Buried deep in a Freedom of Information Act document release last week to a conservative group were a series of emails that pertained to how the Justice Department handled questions from reporters about a 2016 airport tarmac meeting between former President Bill Clinton and then-Attorney General Loretta Lynch - the emails included a recipient named, "Elizabeth Carlisle," which reports now indicate was the email alias for President Obama's Attorney General.

"The ACLJ has unmasked former Obama Attorney General Loretta Lynch's alias email account," the American Center for Law and Justice announced on its website, showing off details of how the Justice Department crafted a "Talking points/statement" - though those internal deliberations were redacted (blacked out).

Todd spoke to Judge Ken Starr, a former U.S. solicitor general and federal judge who served as independent counsel in the Whitewater and Monica Lewinsky investigations.

Todd Starnes: I'm anxious to hear your opinion about about these, emails many of which were redacted regarding the meeting between Loretta Lynch and former President Clinton. What does that tell you?

Ken Starr: It tells us that there is a lot to be explored. I was very distressed, loving the Justice Department as I do, I served two tours of duty there and we want the Justice Department to do the right thing and to do it in the right way. We do not want in this country a politicized Justice Department. This is not Venezuela; this is the United States of America. We've got to keep the Justice Department as pure as humanly possible. This was a colossally bad judgment blunder on the part of the Attorney General of the United States. She never should have agreed to, I mean he is the former president but let's face it, there was a very important investigation underway and for that meeting, and to know that it was forty five minutes long on the tarmac at a minimum creates a huge issue of the independence and the integrity of the Justice Department. We need to know everything.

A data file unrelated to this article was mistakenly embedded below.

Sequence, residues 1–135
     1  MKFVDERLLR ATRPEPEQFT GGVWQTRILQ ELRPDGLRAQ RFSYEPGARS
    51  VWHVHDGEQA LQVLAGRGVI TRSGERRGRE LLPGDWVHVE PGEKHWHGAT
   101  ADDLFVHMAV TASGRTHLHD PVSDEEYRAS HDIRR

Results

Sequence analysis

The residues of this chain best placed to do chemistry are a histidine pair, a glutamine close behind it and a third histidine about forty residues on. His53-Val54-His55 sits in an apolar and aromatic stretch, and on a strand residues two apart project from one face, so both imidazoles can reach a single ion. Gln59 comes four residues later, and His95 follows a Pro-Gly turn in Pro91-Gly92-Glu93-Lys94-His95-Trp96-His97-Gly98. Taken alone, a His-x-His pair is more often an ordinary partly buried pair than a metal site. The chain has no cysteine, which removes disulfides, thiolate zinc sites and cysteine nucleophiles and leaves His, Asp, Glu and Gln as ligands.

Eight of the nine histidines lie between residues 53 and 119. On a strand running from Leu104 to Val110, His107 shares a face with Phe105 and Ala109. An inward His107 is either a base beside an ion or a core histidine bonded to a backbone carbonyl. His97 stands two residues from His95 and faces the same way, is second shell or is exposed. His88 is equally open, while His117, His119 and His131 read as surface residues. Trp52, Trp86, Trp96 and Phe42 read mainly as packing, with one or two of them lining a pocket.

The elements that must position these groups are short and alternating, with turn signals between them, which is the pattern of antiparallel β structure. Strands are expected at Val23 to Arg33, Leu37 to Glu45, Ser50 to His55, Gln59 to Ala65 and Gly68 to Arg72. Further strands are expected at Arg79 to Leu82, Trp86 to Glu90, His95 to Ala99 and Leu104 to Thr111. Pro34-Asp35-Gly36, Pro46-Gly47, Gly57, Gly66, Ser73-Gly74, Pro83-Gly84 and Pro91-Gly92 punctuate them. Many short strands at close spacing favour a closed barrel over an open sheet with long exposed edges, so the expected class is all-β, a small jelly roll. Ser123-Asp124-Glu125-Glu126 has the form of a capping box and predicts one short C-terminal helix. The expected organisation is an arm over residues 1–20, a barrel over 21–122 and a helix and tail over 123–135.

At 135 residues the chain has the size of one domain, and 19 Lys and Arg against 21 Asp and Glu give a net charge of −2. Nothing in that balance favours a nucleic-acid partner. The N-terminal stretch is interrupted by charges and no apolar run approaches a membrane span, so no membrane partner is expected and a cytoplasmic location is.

TS: Do you think that they were talking about more than just grandchildren and golf scores?

KS: It doesn't take forty five minutes to tell someone, especially the Attorney General of the United States, who's busy and who's on a tarmac. She's either ready to go to a meeting or she's ready to go in to resume her official duties. I just think forty five minutes suggests that, just the suggestion, we don't know, we need to know, that it was much more than a courtesy call and totally and just social. The appearance is horrible.

TS: Why is it that the FBI is so interested in Paul Manafort that they actually just showed up unannounced at his doorstep? What do you think is going on there?

KS: Well we don't know, we can only speculate. But I will tell you this. When the decision is made to go to a judge, a magistrate judge, supported by an affidavit saying this is why we need to go into Mr. Manafort's residence and we need to do it quickly, efficiently and when he's not expecting it, that tells me that there is information. We don't know the the full extent of it, but there is information that is obviously very worrisome to justify going into a home.

TS: Is it possible that what happened on that tarmac could in fact be the bigger story?

KS: It could very well be. We need to get to the bottom of that because if there was, if, it's a big if, but if there was an effort by the former President of the United States to impede an investigation or to narrow the investigation, then that is extremely serious indeed.

Listen to the full interview below: